But it is decades in the making, writes Morningstar director of fund analysis Karen Dolan.
In June, Morningstar announced a new initiative marking an important evolution for our mutual fund research: A new global Morningstar Analyst Rating for funds. We're in the final stages of preparation and plan to launch the initial set of ratings and accompanying research later this month.
While the rating system will be new, the foundation supporting it dates back more than 25 years to Morningstar's early days. Our analysts have been producing qualitative written research on funds, now a key feature of Premium Membership, dating back to the late 1980s. In these reports, the analysts have dug in and provided perspective on various funds, sometimes in strong terms. In a sense, the only difference now is that the Morningstar Analyst Rating will place an easily identifiable label on those views.
The same process first led us to create Analyst Picks and Pans in 1999, a precursor to the new rating system. Picks and Pans is a short list of the best and worst funds available, but the effort left unrated a large middle ground of funds we research closely and know well. The Analyst Rating will replace Picks and Pans and will apply to all of the approximately 1,500 funds we actively cover. The Analyst Ratings are a natural next step for the written research and straight talk you've come to expect from us over the years.
Unlike the backward-looking Morningstar Rating for funds (often referred to as the star rating), which assigns 1 to 5 stars based on a fund's past risk- and load-adjusted returns versus category peers, the Analyst Rating is a forward-looking, comprehensive and qualitative look at a fund's competitive advantages or lack thereof. The new scale runs from Gold, Silver, and Bronze on the positive end to Neutral and Negative. Expressed as medals, the top three tiers are reserved for funds our analyst team thinks have sustainable advantages that position them well versus peers and a relevant benchmark on a risk-adjusted basis over the long haul (at least the next five years).
Morningstar's new Analyst Ratings are qualitative, forward-looking visual representations of the analyst team's view of a fund's potential to succeed.
Our research combines qualitative (analyst-driven) and quantitative (numerically based) factors focused on five key pillars: people, process, parent, price, and performance. The ultimate view on the individual pillars and how they come together is driven by the analyst's overall assessment in consultation with an analyst-ratings committee, which is led in the U.S. by Russ Kinnel, our director of fund research and the brains behind our Picks and Pans. The approach serves not as a formula, but as a robust analytical framework ensuring consistency across Morningstar's coverage universe.
I've told you what the rating is. Now I’ll explain what it is not. The Analyst Rating is not a market call; we will not be expressing a view on large-caps versus small-caps or signaling whether it's a good time to own emerging markets, for example. The Rating is not meant to replace investors' due-diligence process; it cannot assess whether a fund is the right fit for a particular portfolio need and risk tolerance. It is intended to supplement investors' and advisors' own work on funds and, along with our written analysis, provide forward-looking perspective into a fund's potential to succeed. It picks up where commonly watched measures of the recent past leave off.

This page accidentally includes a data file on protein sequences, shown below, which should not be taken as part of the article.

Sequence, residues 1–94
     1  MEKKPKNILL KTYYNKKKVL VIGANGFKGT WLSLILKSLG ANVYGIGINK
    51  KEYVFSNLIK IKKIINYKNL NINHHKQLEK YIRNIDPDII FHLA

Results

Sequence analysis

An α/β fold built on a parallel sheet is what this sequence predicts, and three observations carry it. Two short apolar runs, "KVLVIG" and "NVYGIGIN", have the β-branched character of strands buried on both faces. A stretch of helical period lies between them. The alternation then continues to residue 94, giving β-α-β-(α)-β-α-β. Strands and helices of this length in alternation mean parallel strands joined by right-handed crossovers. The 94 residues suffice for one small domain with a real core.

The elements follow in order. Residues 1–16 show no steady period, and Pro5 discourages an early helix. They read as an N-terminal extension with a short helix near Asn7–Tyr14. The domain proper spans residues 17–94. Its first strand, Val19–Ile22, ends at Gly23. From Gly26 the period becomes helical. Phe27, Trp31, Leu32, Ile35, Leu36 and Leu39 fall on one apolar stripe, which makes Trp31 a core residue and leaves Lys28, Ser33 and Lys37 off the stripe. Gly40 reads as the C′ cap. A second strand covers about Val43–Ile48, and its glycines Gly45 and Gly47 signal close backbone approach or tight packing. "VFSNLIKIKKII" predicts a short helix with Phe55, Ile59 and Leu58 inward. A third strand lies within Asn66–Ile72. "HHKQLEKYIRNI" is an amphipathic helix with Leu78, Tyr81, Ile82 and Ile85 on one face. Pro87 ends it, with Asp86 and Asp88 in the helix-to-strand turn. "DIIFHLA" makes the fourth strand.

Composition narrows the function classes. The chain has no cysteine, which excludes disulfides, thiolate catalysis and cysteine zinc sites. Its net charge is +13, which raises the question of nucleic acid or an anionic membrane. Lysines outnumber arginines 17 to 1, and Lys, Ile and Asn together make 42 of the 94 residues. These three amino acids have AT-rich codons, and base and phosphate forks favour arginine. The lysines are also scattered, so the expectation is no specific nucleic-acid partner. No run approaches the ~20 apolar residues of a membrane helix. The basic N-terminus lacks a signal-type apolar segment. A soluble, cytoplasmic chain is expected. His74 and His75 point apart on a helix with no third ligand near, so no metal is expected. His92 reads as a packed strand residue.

A few additional key features of the Morningstar Analyst Rating include:
"Investors First" is one of Morningstar's six core values and it is of utmost importance to our team of mutual fund analysts. This is reflected in the priorities we bring to our fund analysis. We are independent thinkers and put individual investors' interests first. In addition, we strive to be clear, letting investors know whether a particular fund is worth owning and why. We base our views on rigorous analysis, not just past performance. We do our best to keep investors up to date on changes affecting their fund investments. And we keep a long-term time horizon.
Morningstar does not charge fund companies to be rated, nor do fund companies commission research or ratings. Morningstar is able to invest in its fund research by making the ratings and reports a key attraction in various products including Morningstar.com, Morningstar Office, and Morningstar Direct, and through licensing intellectual property after it conducts its research. Morningstar's decision to cover a fund and the research and ratings process is at the complete discretion of the analyst team.
The analyst team determines relevant coverage based on asset size, investment merit, and market demand to ensure it covers the funds that matter most to investors. In the United States, Morningstar analysts expect to have ratings for 1,500 funds by the end of 2012.
Full Spectrum Scale
The Morningstar Analyst Rating for funds has been developed to not only identify good funds, but also mediocre and poor investments through neutral and negative ratings. We will not force a bell-curve ratings distribution, but rather rate each fund we cover on its individual merits.
Local and Global Expertise
Morningstar has a team of more than 100 fund analysts located in markets across the world. The largest concentration of analysts exists in Chicago, London, Sydney, and Toronto. The analysts are all adopting the same methodology and Analyst Rating system. Mutual fund companies operate globally, and investors around the world have a need for unbiased research on funds. We believe we have the largest staff of independent mutual fund analysts in the world.
Check back for more information about the new Morningstar Analyst Rating for funds in the coming weeks and look for their debut later this month.